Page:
The North Carolina Century: Tar Heels who Made a Difference, 1900-2000

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Howard E. Covington, Marion A. Ellis
Levine Museum of the New South, 2002 - Biography & Autobiography - 645 pages
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Between 1877 and 1930--years rife with tensions over citizenship, suffrage, immigration, and "the Negro problem"--African American activists promoted an array of strategies for progress and power built around "racial destiny," the idea that black Americans formed a collective whose future existence would be determined by the actions of its members. In Righteous Propagation, Michele Mitchell examines the reproductive implications of racial destiny, demonstrating how it forcefully linked particular visions of gender, conduct, and sexuality to collective well-being.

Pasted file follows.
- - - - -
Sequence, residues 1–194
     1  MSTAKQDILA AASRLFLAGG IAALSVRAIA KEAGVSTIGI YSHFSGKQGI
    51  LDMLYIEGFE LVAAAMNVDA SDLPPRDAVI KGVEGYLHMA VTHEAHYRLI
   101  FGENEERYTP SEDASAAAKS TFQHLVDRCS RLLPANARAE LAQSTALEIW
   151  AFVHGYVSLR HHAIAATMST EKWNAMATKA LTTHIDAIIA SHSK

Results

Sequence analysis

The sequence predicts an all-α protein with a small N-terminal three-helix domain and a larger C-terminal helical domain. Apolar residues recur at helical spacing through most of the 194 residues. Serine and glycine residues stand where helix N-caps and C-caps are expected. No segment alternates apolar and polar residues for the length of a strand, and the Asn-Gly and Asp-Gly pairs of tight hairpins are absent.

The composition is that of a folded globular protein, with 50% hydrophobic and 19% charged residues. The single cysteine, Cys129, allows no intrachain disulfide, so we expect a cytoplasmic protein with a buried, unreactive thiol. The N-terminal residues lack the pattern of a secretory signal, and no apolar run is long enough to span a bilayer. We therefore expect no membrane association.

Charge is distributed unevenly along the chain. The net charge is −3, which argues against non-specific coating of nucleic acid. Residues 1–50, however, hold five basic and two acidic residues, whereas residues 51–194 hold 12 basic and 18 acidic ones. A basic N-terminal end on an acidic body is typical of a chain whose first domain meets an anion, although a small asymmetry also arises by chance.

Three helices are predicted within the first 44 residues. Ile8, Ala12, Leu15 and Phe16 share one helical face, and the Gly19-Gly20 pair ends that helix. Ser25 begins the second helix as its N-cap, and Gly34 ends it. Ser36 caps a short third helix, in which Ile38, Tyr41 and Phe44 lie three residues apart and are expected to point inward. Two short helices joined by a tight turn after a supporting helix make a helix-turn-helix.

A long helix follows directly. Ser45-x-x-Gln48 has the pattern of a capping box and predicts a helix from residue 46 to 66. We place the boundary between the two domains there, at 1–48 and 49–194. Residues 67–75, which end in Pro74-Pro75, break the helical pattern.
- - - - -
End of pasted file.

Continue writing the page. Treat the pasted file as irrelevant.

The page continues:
Mitchell argues that while African Americans did not agree on specific ways to bolster their collective prospects, ideas about racial destiny and progress generally shifted from outward-looking remedies such as emigration to inward-focused debates about intraracial relationships, thereby politicizing the most private aspects of black life and spurring race activists to calcify gender roles, monitor intraracial sexual practices, and promote moral purity. Examining the ideas of well-known elite reformers such as Mary Church Terrell and W. E. B. DuBois, as well as unknown members of the working and aspiring classes, such as James Dubose and Josie Briggs Hall, Mitchell reinterprets black protest and politics and recasts the way we think about black sexuality and progress after Reconstruction.

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About the author (2002)

Marion A. Ellis is a former journalists who has collaborated with Howard E. Covington Jr. on a number of books, most recently Terry Sanford: Politics, Progress, and Outrageous Ambitions and The Story of NationsBank: Changing the Face of American

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